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From: Ken Smith
Subject: Re: fft in hc11 again
Date: Tue, 15 Oct 2002 15:30:20 +0000 (UTC)
Organization: a2i network
NNTP-Posting-Date: Tue, 15 Oct 2002 15:30:20 +0000 (UTC)
In article <firstname.lastname@example.org>,
john jardine wrote:
>the storage array that you have just filled up with your samples.
>Before a run, the FFT routine will also expect for there to be a
>*second* identically sized (empty) storage array available, for it to
>fill up with the results of its final 'phase' calculations.
Many FFT routines require that you put you input data into an array of
complex numbers. Basically you put the ADC values in every second
location and a zero in the ones between.
Not all FFT routines need a second location. They can to the FFT in place
and leave the results in the array the data was in.
You get out the same number of meaningful values as you put in. For every
frequency other than DC and Nyquist, you get two values. For DC and
Nyquist, you get only one value each.
>both arrays point by point and do the triangle hyponuse calc
>sqr(a^2+b^2) and put the result back (in say) the original array.
"sqrt" means square-root here. If you have to make the result in dB
you can skip the sqrt() step and go straight into the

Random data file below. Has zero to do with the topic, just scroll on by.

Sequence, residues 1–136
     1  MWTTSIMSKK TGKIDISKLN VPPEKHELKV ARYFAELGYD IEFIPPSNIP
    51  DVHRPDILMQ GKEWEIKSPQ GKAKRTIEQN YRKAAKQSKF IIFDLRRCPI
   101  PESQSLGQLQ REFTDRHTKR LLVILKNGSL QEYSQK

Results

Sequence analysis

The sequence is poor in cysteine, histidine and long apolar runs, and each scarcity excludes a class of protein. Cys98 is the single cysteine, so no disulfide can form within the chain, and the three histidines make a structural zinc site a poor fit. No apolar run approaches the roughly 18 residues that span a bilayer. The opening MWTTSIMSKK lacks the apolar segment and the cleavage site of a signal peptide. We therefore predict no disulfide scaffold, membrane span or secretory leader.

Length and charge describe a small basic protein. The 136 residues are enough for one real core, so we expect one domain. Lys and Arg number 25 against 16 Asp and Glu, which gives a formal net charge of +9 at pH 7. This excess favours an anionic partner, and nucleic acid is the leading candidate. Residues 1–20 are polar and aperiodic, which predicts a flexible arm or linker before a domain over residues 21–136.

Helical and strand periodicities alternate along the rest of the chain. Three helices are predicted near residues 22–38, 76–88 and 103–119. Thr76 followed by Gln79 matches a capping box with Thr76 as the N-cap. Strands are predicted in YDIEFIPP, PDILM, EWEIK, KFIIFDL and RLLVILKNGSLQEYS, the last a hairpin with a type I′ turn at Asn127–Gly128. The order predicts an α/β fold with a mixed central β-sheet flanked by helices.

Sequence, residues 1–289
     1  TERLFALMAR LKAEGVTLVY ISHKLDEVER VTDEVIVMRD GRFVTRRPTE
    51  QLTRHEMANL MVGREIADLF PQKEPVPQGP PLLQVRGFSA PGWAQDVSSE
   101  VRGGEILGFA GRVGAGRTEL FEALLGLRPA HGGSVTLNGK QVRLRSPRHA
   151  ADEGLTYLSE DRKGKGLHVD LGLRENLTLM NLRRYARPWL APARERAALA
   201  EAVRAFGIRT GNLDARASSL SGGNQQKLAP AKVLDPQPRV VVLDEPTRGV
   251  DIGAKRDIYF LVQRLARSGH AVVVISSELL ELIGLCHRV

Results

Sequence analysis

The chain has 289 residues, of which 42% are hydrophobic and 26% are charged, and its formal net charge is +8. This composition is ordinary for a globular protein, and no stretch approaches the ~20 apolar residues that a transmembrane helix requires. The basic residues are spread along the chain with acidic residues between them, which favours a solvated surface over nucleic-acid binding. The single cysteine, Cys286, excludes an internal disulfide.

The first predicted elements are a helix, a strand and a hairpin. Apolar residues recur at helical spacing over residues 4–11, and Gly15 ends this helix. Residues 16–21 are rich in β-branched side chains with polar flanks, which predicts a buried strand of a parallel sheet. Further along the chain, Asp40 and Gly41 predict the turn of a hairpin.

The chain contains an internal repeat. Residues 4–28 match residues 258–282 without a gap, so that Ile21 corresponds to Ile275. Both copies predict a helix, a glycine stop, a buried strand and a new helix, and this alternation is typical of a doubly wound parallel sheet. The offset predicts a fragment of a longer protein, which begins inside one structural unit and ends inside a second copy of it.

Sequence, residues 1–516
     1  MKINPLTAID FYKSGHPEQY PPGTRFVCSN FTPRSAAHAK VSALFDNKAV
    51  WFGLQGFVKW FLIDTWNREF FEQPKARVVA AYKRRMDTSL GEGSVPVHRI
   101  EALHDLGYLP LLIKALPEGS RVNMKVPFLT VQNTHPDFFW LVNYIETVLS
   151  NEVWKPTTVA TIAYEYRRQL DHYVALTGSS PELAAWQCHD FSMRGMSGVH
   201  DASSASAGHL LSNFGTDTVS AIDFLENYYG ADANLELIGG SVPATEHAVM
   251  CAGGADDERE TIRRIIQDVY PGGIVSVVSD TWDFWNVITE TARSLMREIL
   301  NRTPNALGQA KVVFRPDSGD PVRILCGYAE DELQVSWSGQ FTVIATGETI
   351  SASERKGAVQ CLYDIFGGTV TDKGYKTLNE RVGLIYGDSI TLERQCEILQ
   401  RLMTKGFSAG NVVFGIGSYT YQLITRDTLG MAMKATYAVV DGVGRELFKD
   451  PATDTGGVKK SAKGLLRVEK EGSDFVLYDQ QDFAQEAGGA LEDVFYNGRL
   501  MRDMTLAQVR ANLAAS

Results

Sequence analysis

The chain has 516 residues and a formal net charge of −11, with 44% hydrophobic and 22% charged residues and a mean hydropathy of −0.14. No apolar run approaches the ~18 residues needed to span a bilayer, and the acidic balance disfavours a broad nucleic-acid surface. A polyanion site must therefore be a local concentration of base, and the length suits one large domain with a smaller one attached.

log() calculation. Remember log(sqrt(X)) = 0.5log(X).
BTW: Don't worry too much about the log() function if you don't have
one. It is surprisingly easy to make one good enough for display
purposes. The way I did it was to shift the value up or down until it is
in the 128-256 range and then use the 8 bits to look in a table. The
number of shifts gives the integer part of the log2() the table gives the
fractional part. Once you have log2() you can just multiply by a constant
to get log10(). You have to multiply by a constant anyway to scale it for
display so just combine the constants and do one multiply.
>If you manage to get this far and can display your final data, then
>don't be put off by the numerous spectral components or 'lines' that
>can turn up. Also don't be surprised if your perfect 1kHz input
>sinewave turns up as if smeared over a number of nearby frequencies.
>This is related to how 'clean' the start and end points were of your
>samples and leads to another story concerning massaging or 'windowing'
>the data before you process it.
>(A normal spectrum analyser doesn't suffer this as it works with a
>continuous ac signal)
Also remember 1KHz != 1KHz if they come from different crystals. Things
look a lot better if you apply a window function as suggested. It helps
to mask the effects of slip between the clocks.
email@example.com forging knowledge
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